Major League Baseball

The unwritten rules of going to a Major League Baseball game

April 3

By Charlotte Wilder
FOX Sports Columnist

The unwritten rules of baseball are stupid, which is obviously not a novel take.

Anyone who isn’t an old man yelling at a cloud can agree that the game is more fun when bats are flipped and stuff is strutted. If you think sportsmanship means "don’t have fun or show any emotion," might I pose the question: Who hurt you? 

There is, however, one set of unwritten rules that I live and die by. And those are ... drumroll, please ... the unwritten rules of going to a baseball game. 

Look, players don’t have to abide by some stuffy code, but fans do. Except the code isn’t stuffy. I’ve designed it to maximize fun. 

I will preface all of this by saying that while I am setting these forth, it’s a free country, and you can do whatever you want when it comes to going to baseball games. But I’ve designed a specific set of customs for myself because apparently — since I inevitably break the rules I make — I enjoy making myself feel guilty about things that do not matter in the slightest. 

But we have blessedly reached the point where some fans are allowed at ballparks, so these guidelines are worth sharing. I’m cautiously optimistic that someday in the not too distant future, games will be packed, and we will be high-fiving strangers once again (more on that in a moment). 

Without further ado, I give you the Gospel of Game Attendance.*

*I lied. I have one more ado. I put these on Twitter, and they proved somewhat controversial, so I can’t wait for everyone who missed the tweet to tell me what I got wrong in this article. Seriously. @ me.  

8. You must wear a baseball hat.

It doesn’t matter what it says. Just wear one. You could wear a baseball hat that says "Women love me, fish fear me" to a game for all I care, but you’ve gotta have one on. The ballpark is a place of worship, and it’s respectful to cover your head. Think of it as a sporty yarmulke (happy Passover, by the way!). 

7. Mark Titus, my cohost of The People's Sports Podcast, says you must take a lap around the stadium.

I agree. It’s true. If you are physically able, you are obliged to aimlessly walk around the concourse for a while. You must also stop by the team store and linger a bit, debating whether you need to buy a baseball hat (you do) since you didn’t wear one to the game and you just saw this list. 

Bonus points if you get lost because you forget where your seat is. I once spent an entire inning trying to figure out how to get back to where I came from at Camden Yards. 

6. Jake Mintz, my new pal and coworker, says you can’t wear a suit to a baseball game.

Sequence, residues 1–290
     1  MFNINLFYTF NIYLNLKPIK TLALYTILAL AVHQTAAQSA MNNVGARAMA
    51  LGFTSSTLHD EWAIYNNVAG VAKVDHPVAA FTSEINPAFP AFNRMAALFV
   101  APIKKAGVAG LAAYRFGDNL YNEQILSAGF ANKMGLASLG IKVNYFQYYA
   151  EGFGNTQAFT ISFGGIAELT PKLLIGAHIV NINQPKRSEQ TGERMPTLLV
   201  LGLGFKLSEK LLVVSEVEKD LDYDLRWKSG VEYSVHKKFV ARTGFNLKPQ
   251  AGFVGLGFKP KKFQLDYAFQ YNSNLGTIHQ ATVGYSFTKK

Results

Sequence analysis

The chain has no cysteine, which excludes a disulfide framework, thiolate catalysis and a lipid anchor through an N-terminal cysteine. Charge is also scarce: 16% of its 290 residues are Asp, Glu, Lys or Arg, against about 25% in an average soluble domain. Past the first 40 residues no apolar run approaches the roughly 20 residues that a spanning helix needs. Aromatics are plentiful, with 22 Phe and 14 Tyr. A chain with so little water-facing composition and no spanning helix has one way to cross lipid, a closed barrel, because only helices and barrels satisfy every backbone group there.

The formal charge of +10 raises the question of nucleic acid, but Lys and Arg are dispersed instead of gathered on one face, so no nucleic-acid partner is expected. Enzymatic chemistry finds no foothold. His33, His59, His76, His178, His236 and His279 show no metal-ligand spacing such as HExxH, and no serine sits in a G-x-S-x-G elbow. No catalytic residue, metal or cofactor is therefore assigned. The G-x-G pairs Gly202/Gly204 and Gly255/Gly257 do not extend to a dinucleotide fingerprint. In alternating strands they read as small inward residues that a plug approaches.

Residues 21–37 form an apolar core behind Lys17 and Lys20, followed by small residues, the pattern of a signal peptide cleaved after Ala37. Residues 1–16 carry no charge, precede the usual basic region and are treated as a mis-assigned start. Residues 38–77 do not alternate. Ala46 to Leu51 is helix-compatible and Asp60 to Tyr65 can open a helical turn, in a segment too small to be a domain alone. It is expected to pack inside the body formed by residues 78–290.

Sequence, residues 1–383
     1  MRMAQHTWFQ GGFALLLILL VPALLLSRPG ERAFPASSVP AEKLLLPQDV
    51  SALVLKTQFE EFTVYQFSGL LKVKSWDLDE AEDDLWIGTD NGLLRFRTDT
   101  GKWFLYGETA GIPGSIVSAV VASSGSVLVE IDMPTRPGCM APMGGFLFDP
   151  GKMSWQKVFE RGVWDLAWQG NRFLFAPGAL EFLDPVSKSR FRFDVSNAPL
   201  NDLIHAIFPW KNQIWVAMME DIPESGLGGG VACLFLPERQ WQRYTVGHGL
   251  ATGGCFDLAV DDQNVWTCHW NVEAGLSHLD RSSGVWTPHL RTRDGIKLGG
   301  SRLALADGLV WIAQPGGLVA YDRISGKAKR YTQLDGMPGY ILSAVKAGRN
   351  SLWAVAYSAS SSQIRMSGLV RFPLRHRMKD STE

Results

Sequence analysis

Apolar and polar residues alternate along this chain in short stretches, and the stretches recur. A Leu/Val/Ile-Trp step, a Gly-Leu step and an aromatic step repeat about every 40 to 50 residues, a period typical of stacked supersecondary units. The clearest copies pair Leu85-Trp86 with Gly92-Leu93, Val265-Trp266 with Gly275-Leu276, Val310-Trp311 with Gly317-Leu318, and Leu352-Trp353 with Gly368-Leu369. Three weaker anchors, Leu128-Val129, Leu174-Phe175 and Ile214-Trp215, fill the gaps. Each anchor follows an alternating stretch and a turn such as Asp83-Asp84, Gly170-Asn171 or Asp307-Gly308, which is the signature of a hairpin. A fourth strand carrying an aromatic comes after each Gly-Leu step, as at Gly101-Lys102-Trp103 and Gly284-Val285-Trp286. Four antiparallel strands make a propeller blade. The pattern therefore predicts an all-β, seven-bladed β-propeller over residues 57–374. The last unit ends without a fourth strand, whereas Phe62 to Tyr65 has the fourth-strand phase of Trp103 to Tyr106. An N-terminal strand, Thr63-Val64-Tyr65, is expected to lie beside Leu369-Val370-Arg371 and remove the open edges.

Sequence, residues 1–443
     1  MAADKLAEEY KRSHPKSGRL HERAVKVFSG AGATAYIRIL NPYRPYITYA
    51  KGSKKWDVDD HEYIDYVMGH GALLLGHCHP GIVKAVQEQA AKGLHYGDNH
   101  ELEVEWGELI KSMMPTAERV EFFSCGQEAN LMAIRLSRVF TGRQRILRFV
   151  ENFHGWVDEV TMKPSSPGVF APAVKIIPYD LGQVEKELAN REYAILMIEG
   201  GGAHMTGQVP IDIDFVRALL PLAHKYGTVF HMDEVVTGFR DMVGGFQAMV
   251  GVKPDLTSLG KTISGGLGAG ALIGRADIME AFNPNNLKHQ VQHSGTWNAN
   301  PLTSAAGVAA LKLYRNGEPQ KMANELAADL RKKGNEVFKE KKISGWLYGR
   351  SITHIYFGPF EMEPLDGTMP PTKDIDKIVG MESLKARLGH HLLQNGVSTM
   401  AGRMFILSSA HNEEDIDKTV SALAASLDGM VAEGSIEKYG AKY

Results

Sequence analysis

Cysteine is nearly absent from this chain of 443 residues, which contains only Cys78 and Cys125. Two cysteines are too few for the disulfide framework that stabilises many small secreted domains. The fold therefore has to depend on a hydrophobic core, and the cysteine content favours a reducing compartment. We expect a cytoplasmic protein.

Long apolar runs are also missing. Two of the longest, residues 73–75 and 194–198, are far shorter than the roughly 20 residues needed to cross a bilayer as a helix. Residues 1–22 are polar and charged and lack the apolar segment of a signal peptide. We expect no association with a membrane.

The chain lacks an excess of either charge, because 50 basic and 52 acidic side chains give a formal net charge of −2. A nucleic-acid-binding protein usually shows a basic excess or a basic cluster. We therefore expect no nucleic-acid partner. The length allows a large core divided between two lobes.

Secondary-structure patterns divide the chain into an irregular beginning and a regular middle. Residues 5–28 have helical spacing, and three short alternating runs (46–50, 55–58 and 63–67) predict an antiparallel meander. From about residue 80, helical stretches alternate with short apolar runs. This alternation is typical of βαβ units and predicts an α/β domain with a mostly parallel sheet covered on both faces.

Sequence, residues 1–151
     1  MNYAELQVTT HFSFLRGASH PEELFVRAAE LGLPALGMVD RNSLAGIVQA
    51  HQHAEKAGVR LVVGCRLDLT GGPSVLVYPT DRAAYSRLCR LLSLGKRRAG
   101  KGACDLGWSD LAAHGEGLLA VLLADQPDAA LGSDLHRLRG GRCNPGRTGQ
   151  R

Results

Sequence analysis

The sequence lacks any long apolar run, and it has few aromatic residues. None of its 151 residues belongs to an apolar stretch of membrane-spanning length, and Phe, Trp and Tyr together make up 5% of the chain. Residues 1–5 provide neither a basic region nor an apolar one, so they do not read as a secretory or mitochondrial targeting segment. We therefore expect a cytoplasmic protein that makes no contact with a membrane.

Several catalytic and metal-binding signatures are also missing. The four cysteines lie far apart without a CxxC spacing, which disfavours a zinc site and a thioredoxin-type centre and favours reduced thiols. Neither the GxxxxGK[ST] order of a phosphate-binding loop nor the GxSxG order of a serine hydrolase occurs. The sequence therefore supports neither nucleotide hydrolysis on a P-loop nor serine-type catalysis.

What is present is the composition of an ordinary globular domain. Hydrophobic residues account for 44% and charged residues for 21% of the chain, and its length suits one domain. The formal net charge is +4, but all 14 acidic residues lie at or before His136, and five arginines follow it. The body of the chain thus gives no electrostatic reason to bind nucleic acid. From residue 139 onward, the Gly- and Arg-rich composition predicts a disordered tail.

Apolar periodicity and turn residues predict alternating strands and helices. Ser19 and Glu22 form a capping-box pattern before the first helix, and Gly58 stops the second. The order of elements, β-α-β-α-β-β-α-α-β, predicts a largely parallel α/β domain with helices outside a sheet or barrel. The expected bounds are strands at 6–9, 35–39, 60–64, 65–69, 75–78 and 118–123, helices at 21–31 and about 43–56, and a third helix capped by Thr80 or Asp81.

I couldn’t agree more. If you’re going to the game from your fancy finance job, change in the bathroom. The only baseball brothers I’m interested in are of the Bash variety, not the Brooks. 

5. You can’t leave before the sixth inning unless it’s an emergency. 

"Beating traffic" doesn’t count as an emergency. Seriously, if you’re going to leave after the fourth, why did you even show up? 

Editor's note: Die-hard fans don't leave before the ninth unless it's an emergency.

4. If you catch a ball, you must give it to a child or an old person.

I’m getting pushback on this. Some people say that if you catch a ball, you should get to keep it because it happens so rarely. Which ... OK, fine. 

But imagine how happy the kid you give the ball to will be. And for everyone who’s like, "an old person? What?" Here’s where I’m coming from: A guy once caught a ball at an Orioles game and gave it to my grandmother when she was, like, 82. She kept it on her mantle until the day she died at 97 and told the story anytime anyone said the word "sports." That guy milked a ton of good karma mileage out of one good deed. 

Jake mentioned that his grandmother caught her own fly ball, but I’m not trying to get into a "my grandmother could beat up your grandmother" argument here.  

3. You must yell baseball language at the players as though they are your teammates.

Say something like, "Good eye, kid!" or "Not your pitch" in a butchered New York or Boston accent when someone doesn’t swing. Another good option: "How 'bout a rally here, boys?" 

If you don’t say those things, you can’t get upset when your team loses because it is your fault. 

You also have to pretend to know way more about both teams than you actually do. 

2. You must high-five a stranger as though you’re family in a celebratory moment for your team.

Slash elbow-bump or whatever we do these days. Thanks, COVID. 

1. You must get a hot dog.

If you’re allergic, I don’t know what to tell you. If you’re a vegetarian, I don’t know what to tell you. If you hate hot dogs, I don’t know what to tell you. If you’re morally or religiously opposed to processed meat, I — and I can’t stress this enough — still don’t know what to tell you. 

Because I don’t make the rules. I just report them.*

*I literally made these rules 

Anyway, as they say in the old country: Play ball! 

Charlotte Wilder is a general columnist and co-host of "The People's Sports Podcast" for FOX Sports. She's honored to represent the constantly neglected Boston area in sports media, loves talking to sports fans about their feelings and is happiest eating a hotdog in a ballpark or nachos in a stadium. Follow her on Twitter @TheWilderThings.


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